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he begins to issue excuses and accusations. Olivia recognizes Maria’s handwriting on the letter and assures him that he will be “both the plaintiff and the judge” when the whole matter comes to light. Fabian confesses to the prank—naming Sir Toby as well—and says that they were just joking and would appreciate laughter rather than revenge. Feste adds that he, too, was involved. Malvolio storms out, threatening vengeance. Olivia remarks that the steward has been “most notoriously abus’d,” and Orsino suggests they all go after him both to “entreat him to a peace” and to find out what has happened to Viola’s friend, the captain. Feste concludes with a song.


The last act of Twelfth Night resolves the action of the play, but the resolution is strange in many respects and leaves several unanswered questions. First, when Viola reveals her true identity and Sebastian learns that his sister, whom he thought drowned, is alive and standing in front of him, he barely acknowledges her. He turns instead to Olivia and comments that she might have ended up married to a woman. He never embraces Viola or even speaks to her. Apparently, he is too busy being infatuated with Olivia. This is not what one would expect from a grieving brother who has just found out that his sister did not die after all.

The Duke, on the other hand, immediately accepts Viola as a woman and transfers his passionate love from Olivia to his former servant. For all his pleas to Olivia—and for all his claims of undying devotion—the Duke certainly forgets his love quickly, which makes one question whether that love was indeed true love or merely lust and obsession. One may also wonder how deep the Duke’s love for Viola goes. After all, just a few minutes before, he thought she was a man and his servant, but now he commits to marrying her. Again, this is arguably not an expression of genuine love.

Malvolio’s situation is only partly resolved in this final scene. Olivia frees him from the dark house, and the prank against him is exposed when Olivia recognizes Maria’s handwriting on the love letter. And Fabian finally confesses for himself and Sir Toby. Malvolio, understandably, is still furious and storms off, vowing revenge, but he leaves behind another unanswered question. No one knows why he has arrested Viola’s friend, the sea captain, or exactly what he has done with him. Since the captain has Viola’s female clothing, he must be found at once. One wonders why Viola cannot simply borrow a dress from Olivia. Perhaps she must still finally prove her identity by showing her own possessions, but no one mentions this, and the other characters all seem to accept her on her word. The nature of Malvolio’s revenge is also left open. Considering his personality, he is not likely to be easily pacified after such humiliation, and the audience is left to imagine what he might do.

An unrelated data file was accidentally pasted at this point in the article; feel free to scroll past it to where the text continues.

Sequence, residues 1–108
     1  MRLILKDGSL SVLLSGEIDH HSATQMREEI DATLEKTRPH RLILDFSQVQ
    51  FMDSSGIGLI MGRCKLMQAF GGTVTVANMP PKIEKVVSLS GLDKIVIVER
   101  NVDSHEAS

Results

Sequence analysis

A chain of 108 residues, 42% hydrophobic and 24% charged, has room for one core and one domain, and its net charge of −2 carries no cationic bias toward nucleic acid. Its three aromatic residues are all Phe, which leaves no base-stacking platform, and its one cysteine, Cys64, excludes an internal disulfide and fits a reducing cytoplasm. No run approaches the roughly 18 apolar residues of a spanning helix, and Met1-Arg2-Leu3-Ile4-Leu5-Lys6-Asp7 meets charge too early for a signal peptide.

Finally, while Sir Andrew and Sir Toby receive a proper punishment for their misdeeds—namely, a chastisement from Sebastian—the audience never discovers what happens to Fabian, Maria, and Feste for their part in the mischief. Fabian, of course, hopes that everyone will simply laugh and forget the matter, but Olivia has already promised Malvolio that he will have a say in avenging his cause. Feste, however, does not seem concerned, for as the others chase after Malvolio, he ends the play with a song: “our play is done / And we’ll strive to please you every day.” Perhaps Shakespeare is reminding his audience that such a comedy as this is meant for entertainment—and that they should not expect answers to all their questions.


Act 4, Scenes 1–3 Summary and Analysis